Some time around 1990 a crew from Hollywood came to Kotzebue to film the movie Salmonberries.

A Salmonberry

Salmonberries stars k.d. lang, an openly lesbian, vegetarian country singer. She fit right in in Kotzebue. The name of her character in the film is “Kotzebue,” as well. The basic plot of the movie is that a woman who had been discovered as a baby in a crate of salmonberries shipped to Germany returns to Kotzebue where she has an affair with a German woman who works in the library. At the beginning of the film Lang’s character appears to be working in a mine near the city of Kotzebue.

I have never been to the Red Dog mine, but I suspect that the mine scenes were not shot there.
Watching Salmonberries has been on my list of things to do since its 1991 release. It wasn’t available on Netflix — they have an entry for it so that you can have it put in your queue automatically when they finally add it to their library. I found Salmonberries on Amazon streaming video and watched about half of it while I was waiting for my plane in the Phoenix airport this fall. I was not inspired enough by the movie to find time to finish it. A week later I got an email from Amazon telling me that they were worried that network performance had affected my enjoyment of the film and were refunding my $2.99.

The movie was really pretty horrible. It had too much art and not enough plot. Huge blocks of time are dedicated to the main character throwing books around in the library. There was a cool surreal quality and some dramatic lighting, but the film didn’t have any of the feel of the real Kotzebue — I guess there are only about 3500 people who would care about that.
Percy Adlon, the writer and director of Salmonberries is most famous for the film Bagdad Cafe. We watched Bagdad Cafe recently and Aida and my Mom very much enjoyed it. With Bagdad Cafe the characters are quirky and interesting and the whole film is infused with humor. Salmonberries is Bagdad Cafe’s awkward and over-serious brooding little sister.

The idea that salmonberries might be shipped in a box large enough to contain a baby fascinates me. There is no commercial salmonberry production in Kotzebue. It takes forever to pick the berries out on the tundra. I made salmonberry jam a couple of times when I lived in Kotzebue, but in general tundra blueberries or cranberries give a better payoff for your effort. I can thank Adlon for the fun of imagining what a salmonberry export company would be like.

One day my dad and I went to the Nullagvik Cafe to have breakfast. On the ground floor of the hotel of the same name, the Nullagvik had a great wall of windows along front street which made for an excellent view of the icepack on Kotzebue Sound. Chuck Connors was enjoying his breakfast there, my dad nudged me and pointed out “the Rifleman.” My dad had watched a lot of The Rifleman as a kid and had been enthusiastic when reruns came on when I was a kid. Chuck Connors also played a great role in Bagdad Cafe. His role in Salmonberries was surreal.

There is a love scene in the movie. While I’m sure it was filmed on a sound stage in Hollywood, I’m told that the outside shots of the house where it takes place were taken outside the rectory of the Friends Church in Kotzebue. I don’t recognize it myself. The town of Kotzebue, like most rural places, is moderately to seriously homophobic. The Friends Church is one of the most conservative (for lack of a more precise word) church in Kotzebue. The crew of the film didn’t really let the people of the city know that it was a lesbian love story they were filming. This dishonesty doesn’t sink to the level of Sacha Baron Cohen’s treatment of the Romanian village but it was still condescending and disrespectful.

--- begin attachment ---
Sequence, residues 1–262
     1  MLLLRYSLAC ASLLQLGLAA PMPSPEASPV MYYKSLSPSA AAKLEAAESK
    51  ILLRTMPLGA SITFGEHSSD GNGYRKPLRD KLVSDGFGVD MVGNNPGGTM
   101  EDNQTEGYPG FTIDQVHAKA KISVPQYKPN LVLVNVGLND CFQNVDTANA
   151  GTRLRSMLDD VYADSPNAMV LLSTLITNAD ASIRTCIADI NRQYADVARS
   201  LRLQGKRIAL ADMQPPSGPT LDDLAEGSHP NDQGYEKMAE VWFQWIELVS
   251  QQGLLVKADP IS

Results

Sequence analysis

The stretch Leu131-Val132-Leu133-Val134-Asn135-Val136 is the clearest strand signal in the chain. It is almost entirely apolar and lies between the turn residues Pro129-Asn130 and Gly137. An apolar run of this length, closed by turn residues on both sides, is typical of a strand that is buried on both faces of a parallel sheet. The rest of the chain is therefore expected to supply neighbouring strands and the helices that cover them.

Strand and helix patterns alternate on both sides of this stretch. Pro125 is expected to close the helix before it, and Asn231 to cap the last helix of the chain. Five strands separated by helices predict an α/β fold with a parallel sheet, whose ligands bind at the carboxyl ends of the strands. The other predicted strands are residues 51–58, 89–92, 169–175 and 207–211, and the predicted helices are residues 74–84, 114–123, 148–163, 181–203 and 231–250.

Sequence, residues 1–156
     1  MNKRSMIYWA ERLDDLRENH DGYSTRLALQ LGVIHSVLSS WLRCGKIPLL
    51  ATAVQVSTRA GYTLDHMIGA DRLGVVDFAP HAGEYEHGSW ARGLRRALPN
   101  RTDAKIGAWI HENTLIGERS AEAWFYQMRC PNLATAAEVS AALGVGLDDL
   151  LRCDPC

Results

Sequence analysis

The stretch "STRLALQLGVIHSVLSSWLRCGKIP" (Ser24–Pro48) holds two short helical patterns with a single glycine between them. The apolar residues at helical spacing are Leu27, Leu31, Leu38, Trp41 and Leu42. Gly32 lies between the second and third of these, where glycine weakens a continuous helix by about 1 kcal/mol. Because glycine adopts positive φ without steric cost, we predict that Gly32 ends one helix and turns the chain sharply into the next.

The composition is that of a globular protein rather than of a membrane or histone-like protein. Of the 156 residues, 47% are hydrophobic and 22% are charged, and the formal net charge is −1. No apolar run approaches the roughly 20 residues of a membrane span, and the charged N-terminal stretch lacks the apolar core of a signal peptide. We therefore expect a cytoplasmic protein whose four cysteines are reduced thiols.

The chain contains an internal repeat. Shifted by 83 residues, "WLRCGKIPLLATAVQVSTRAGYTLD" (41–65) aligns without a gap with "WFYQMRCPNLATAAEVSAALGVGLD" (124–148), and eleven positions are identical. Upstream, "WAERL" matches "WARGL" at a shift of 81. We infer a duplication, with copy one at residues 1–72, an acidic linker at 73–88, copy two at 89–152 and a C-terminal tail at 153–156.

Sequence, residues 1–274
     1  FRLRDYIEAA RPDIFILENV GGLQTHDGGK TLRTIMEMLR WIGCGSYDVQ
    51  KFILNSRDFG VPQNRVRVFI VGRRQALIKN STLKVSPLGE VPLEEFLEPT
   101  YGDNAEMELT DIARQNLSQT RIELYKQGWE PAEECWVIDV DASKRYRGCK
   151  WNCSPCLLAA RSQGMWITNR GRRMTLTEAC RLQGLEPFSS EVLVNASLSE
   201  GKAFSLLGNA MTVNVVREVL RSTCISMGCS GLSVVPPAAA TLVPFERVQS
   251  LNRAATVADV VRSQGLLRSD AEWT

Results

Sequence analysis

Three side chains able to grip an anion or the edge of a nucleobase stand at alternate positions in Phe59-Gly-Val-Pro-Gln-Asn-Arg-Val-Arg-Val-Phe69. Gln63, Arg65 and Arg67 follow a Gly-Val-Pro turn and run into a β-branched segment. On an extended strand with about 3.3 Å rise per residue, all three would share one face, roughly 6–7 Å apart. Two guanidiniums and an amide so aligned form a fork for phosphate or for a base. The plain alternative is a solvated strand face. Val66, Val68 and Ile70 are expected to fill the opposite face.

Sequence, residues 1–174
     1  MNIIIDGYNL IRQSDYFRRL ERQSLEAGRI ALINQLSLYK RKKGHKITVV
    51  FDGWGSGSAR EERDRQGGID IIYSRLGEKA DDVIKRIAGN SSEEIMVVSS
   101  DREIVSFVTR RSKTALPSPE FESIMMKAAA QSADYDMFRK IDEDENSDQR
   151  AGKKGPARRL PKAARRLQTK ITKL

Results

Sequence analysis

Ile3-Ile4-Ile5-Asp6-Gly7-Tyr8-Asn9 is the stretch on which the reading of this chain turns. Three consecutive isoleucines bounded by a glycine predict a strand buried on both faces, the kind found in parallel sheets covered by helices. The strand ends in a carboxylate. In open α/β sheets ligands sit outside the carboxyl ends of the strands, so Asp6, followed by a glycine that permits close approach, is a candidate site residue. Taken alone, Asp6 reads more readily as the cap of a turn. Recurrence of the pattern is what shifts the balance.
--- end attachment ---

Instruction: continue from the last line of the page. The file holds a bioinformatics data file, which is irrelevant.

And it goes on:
Condescension was the overriding feeling that the movie crew gave me as a person living in Kotzebue at the time. When I mentioned Salmonberries to my mom she said she thought she remembers the Arctic Sounder quoting a cast member as saying, “do you know who we are.”
The most memorable part of the interaction between Hollywood and Kotzebue was when a reporter from the Sounder asked Lang for her thoughts on subsistence hunting rights. Lang replied that she didn’t see any reason that people should kill animals when they can buy Cheese Whiz in the grocery store.

One of my dad’s coworkers at Maniilaq counseling services was a woman from the west coast who liked to do yoga on her desk with her door open. My family was invited to a party at her house along with some of my dad’s other coworkers. One of the guests at the party was a member of the Salmonberries crew. He was from L.A. but he had spent time in Alaska before and had been hired as a sort of local liaison and to do logistics for the film crew. He went on at length about his love for bears and tried to dispel a lot of what he saw as misconceptions about these gentle, beautiful animals. As an example of their true nature he claimed to have watched sunsets with bears.

My experience with the Salmonberries crew was not all negative. One day when I was home alone some representatives of the film crew showed up at the door and asked if they could rent our boat. Apparently they were filming a scene at the rec center and wanted it to look like everyone had arrived there on boats; they were putting together a crowd of boats in the parking lot. My dad wasn’t entirely happy to find out that I had let some strangers haul our boat away. He did see some humor in it though and they brought it back a few hours later. The scene was in part of the movie I didn’t make it to so I haven’t had a chance to witness our boat’s moment of fame.
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